I’m an alcoholic. There. I’ve said it. I’m not ashamed because nine years ago I decided to quit. So whatever. It’s a choice and I’m stubborn enough to stick to it.
One day, a thirty hour journey brought me to the island country of Japan.
Beer, shochu, sake. Everywhere I look alcohol demands my attention. It never stops.
There appears to be no social stigma against drinking in Japan. There is no shame. There a mingling of pride. Drinking even manages to invade the workplace in the form of special parties called enkai or nomikai. And what happens at enkai stays at enkai. It is free reign to let loose, which can result in good and bad. And boy, there’s some loosening. That’s okay. Nothing wrong with that.
Aside from work functions, drinking is an activity. It’s a way for people to bond. I never understood that social aspect but then again, I have a problem. I drank a lot and over time it just bored me. Many say that drinking results in spontaneity and unpredictable actions but I disagree. A group of drunks is much easier to predict than a sober one. Members always know what’s going to happen and is part of the endearment. Everyone knows what to expect. It’s so boring and it has all been done before. But many are afraid of change.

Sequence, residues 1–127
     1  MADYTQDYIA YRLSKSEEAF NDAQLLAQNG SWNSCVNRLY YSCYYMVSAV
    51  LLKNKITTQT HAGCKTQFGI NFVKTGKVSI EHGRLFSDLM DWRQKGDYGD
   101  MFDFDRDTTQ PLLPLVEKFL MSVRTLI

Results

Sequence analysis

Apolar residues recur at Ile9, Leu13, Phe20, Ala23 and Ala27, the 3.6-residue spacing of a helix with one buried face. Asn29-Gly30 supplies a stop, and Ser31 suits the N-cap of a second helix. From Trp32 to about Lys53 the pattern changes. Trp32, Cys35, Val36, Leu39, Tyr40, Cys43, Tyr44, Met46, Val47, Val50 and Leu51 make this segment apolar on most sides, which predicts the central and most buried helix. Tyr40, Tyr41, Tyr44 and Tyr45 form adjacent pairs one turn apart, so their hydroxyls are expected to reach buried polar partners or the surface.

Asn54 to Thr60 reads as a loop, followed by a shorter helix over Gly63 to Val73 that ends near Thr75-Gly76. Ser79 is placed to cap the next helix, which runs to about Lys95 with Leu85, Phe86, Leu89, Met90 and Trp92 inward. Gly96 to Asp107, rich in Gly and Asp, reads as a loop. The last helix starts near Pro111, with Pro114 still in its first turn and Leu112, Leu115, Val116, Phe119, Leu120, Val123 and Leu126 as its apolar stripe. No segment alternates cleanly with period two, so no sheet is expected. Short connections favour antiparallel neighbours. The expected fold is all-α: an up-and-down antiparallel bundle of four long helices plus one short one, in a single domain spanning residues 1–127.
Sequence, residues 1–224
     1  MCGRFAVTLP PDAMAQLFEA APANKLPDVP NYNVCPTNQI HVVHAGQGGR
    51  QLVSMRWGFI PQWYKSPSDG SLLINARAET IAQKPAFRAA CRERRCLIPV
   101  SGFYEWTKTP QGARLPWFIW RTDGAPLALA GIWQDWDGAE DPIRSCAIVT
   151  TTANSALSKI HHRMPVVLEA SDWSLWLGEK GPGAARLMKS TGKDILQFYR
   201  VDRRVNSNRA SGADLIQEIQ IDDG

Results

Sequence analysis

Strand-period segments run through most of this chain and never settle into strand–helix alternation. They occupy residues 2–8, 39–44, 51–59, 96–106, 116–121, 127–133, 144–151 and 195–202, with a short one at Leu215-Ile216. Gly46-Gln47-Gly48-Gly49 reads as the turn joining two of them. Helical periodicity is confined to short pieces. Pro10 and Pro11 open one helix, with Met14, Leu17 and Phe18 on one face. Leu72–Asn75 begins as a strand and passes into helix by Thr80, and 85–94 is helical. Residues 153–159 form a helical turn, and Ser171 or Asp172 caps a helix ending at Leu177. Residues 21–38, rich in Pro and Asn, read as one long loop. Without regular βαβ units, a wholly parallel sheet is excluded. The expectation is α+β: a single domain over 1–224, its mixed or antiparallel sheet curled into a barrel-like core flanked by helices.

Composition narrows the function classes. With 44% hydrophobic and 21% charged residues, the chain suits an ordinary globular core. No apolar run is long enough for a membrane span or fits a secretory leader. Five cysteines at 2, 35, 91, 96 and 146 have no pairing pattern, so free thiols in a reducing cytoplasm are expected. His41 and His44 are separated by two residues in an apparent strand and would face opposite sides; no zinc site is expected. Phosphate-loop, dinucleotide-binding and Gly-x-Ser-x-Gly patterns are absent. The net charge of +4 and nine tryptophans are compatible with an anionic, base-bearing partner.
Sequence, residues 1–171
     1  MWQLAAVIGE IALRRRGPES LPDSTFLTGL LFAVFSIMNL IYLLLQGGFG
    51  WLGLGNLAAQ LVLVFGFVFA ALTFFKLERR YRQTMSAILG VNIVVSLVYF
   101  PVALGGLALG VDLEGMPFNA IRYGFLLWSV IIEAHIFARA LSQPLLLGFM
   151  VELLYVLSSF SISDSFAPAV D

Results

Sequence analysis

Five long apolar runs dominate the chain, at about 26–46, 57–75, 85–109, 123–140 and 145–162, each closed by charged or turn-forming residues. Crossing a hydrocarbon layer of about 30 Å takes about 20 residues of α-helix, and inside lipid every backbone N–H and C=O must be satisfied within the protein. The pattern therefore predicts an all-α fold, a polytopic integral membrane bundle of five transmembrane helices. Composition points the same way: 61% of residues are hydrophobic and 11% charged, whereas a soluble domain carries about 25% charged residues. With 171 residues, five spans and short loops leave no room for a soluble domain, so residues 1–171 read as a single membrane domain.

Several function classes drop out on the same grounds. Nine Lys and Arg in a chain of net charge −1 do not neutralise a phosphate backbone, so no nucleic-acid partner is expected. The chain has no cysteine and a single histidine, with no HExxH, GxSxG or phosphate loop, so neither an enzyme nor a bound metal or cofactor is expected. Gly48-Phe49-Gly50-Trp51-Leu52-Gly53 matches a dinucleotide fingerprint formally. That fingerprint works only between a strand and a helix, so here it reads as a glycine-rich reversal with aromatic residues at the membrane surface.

Since quitting, I’ve discovered so many new ways to engage with new and old experiences. I feel in my heart of hearts that I wouldn’t have been able to achieve my meager list of accomplishments.
I don’t drink, which causes many shared experiences to go out the window. Maybe if people thought I drank it would be different. But it is my decision. My own fault. It is my decision and others shouldn’t adapt to me. I have come to realize that I prefer not to consort while people are actively drinking, or rather, when drinking is the purpose.
After a collection of wandering thought experiments and otherwise unsuccessful yet fulfilling writing exercises trying to find a compelling way to explore drinking, I seem to have come full circle and can’t appear to say what I need to say. Nor have I determined any sort of answer. In fact, I don’t even know the question. It isn’t so much the topic as the frightening passion that flows from my body. It is what it is. There is no hate or shame. Just an admission of my own weakness.